Yoga starts when you step off the mat

Yoga starts when you step off the mat

1481 987 Birgit

Or: 3 ways to practice yoga on the mat AND in everyday life

I have been teaching yoga for almost 18 years now. Despite this, I experience the wisdom of this ancient science every day anew. There is an aphorism from a Tantric script (Kularnava Tantra) that has revolutionized my yoga practice and attitude to life. Verse 14:38 says, “If the seeker is in tune with nature, he is ready, open and able to recognize the flow of life as grace, as happiness.”

That is, with our personal orientation (physical, mental and emotional), the ability and sensitivity to recognize our individual truth and magnificence increases. Happiness, according to said aphorism – and I can attest to that – is absolutely and directly linked to one’s own orientation and attitude towards the environment. The practice of correct orientation is called “alignment” in Anusara Yoga (the yoga style I predominantly practice).

Prof. Gerald Huether describes the term “coherence” here: to recognize the meaningfulness of connections and thus to reach a state of satisfaction. Every being strives for this moment, in which thinking, feeling and acting form a unity. It is not a moment of stagnation, but a moment of action, of movement, of personal development. The moment when you feel good and safe.

Good yoga practice should bring you exactly there: that you optimally align the body and thus physically, mentally and emotionally take a step towards coherence. The change in perception is usually noticeable after just a few yoga sessions.

Three concrete steps for your yoga practice – on and off the mat:

Some practitioners of yoga focus their practice on physical issues, others on self-realization, and still others – on training the mind. There is no difference to me here. In the West, introduction to the world of yoga often begins with anatomy and kinesthetic, that is, yoga poses. However, this “physical work” is inextricably intertwined with the mind. Physical and subtle anatomy interact with one another, the emotional state is contingent upon physical posture and vice versa.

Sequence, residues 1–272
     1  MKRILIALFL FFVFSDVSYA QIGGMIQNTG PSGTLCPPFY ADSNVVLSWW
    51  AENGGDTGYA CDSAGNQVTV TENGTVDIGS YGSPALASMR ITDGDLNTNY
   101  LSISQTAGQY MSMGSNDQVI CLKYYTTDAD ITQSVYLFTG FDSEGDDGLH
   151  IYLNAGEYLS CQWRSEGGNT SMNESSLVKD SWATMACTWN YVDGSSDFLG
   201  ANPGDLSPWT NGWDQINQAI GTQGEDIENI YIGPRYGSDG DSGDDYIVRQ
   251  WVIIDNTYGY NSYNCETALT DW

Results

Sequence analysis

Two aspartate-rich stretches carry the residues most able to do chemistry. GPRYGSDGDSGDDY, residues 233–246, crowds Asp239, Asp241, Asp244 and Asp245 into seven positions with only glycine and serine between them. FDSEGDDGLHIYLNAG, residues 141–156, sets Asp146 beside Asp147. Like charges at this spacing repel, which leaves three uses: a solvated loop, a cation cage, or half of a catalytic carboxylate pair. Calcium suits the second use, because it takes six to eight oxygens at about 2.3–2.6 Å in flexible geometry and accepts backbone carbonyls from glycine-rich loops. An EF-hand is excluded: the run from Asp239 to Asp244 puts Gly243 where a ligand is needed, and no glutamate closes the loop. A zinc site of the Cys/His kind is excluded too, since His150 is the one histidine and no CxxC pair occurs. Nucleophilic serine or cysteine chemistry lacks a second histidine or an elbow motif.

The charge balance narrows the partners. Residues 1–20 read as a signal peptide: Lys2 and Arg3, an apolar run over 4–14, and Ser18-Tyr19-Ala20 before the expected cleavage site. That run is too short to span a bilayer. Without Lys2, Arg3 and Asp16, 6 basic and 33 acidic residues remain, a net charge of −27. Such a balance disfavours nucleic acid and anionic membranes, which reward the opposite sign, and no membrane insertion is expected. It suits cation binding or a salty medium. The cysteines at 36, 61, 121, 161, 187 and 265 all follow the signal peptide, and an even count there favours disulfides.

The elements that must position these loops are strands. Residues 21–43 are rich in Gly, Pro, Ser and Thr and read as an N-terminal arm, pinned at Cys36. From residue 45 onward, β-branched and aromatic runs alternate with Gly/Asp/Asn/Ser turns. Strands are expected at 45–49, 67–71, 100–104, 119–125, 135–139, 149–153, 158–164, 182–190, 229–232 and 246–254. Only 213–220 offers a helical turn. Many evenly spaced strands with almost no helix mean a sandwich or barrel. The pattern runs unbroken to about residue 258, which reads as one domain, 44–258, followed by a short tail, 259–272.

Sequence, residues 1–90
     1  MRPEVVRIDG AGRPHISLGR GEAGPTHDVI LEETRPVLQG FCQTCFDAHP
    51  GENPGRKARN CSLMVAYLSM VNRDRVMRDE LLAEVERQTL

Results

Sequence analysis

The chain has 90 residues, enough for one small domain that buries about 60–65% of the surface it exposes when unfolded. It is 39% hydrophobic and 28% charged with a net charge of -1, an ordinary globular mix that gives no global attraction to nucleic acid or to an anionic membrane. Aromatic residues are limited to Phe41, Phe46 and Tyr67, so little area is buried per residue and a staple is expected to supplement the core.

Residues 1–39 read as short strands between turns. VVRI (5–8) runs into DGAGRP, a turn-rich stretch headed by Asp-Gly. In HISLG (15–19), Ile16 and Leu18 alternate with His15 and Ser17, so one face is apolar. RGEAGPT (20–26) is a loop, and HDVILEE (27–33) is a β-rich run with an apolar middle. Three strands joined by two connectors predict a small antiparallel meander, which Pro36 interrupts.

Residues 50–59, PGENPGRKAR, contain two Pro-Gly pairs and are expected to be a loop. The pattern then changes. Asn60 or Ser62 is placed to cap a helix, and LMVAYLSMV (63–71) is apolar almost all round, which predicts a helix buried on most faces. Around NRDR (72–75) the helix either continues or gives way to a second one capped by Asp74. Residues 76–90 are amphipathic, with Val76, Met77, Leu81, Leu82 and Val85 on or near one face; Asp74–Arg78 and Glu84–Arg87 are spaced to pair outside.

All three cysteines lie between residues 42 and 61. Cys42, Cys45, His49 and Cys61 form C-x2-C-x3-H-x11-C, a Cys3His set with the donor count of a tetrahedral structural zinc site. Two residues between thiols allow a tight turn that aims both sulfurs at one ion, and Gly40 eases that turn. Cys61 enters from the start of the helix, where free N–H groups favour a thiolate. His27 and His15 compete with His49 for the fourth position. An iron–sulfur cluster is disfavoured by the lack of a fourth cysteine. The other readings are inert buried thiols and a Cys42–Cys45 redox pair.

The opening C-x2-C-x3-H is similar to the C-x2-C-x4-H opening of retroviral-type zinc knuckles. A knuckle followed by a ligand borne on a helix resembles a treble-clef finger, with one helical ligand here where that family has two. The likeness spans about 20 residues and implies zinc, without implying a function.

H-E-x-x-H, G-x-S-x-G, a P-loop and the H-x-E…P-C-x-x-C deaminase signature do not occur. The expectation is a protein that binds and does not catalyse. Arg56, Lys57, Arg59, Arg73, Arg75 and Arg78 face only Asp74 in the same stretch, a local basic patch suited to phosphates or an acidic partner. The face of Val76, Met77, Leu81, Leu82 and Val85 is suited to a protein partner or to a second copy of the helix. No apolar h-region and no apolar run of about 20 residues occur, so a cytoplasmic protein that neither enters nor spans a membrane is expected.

I’d like to introduce you to a highly effective and yet very simple 3-step roadmap. All three steps start with “A”, we call them the 3As:

  1. Attitude
  2. Alignment
  3. Action

1.) Attitude

Attitude refers to the spiritual or emotional relationship we have with the environment, with the world itself or with each other. The mind and the quality of thoughts and emotions should always be considered first.

For example: a heart is broken, a relationship is over. Physically, in this emotional grief situation, the shoulders stoop, the upper body lunges, the head becomes heavy. Those affected then experience this physical misalignment, for example, as neck pain, tinnitus, migraine, weakness, etc. When we sit up and put our shoulders and neck back in an upright position, that helps the soul to some extent, but as long as the inner attitude is not changed, the right alignment cannot cure everything. The energy of mourning will keep bringing the shoulders out of the comforting position and we will have to “realign” over and over again.

Regardless of whether we are performing a yoga position or just functioning in everyday life – it is important to observe our attitudes and to change them if necessary. An example: “The bark of this tree is so wrinkled, it is ugly.” Or we say, “The bark of this tree is so wrinkled, it looks great and special.” The bark will always remain the bark, but in our eyes it will change. In yoga, we call this Darshana: the point of view, the way of viewing something. We have a choice of where to focus our attention, and with a yes from the inside, the shoulders will stay well-aligned with little effort.

2.) Alignment

The optimal alignment of the body carries you through the flow of life, painless, powerful and life-affirming. Let’s go back to the example with the broken heart: The shoulder blades are upright, the breastbone lifted, so we can breathe deep and sustain an upright and radiant posture. This can initially feel uncomfortable and unfamiliar. Nevertheless, it will do the body and the aura good. The power and freedom we give to our body with good alignment must transform into action. A good yoga teacher will be able to lead you into holistic positive alignment in the yoga class.

3.) Action

We practice yoga to set the right attitude and alignment in our lives. Alignment-oriented yoga practice creates a natural flow of energy in the body that allows us to perceive both stability and joyful freedom. Once we are able to feel these actions in our own body, the same qualities (stability and freedom) will manifest in the mind as well. We will be more and more able to develop our potential beyond the yoga mat.

It is important to practice all three steps (Attitude, Alignment, Action) at the same time: Check the attitude, align the body and bring the pent-up energy into action. That is exactly what we practice on the mat. Just as impressions and emotions manifest themselves in our posture, we can let the mind become wide and open through posture and good alignment for all the possibilities and potential that life offers us.


See you soon on the mat!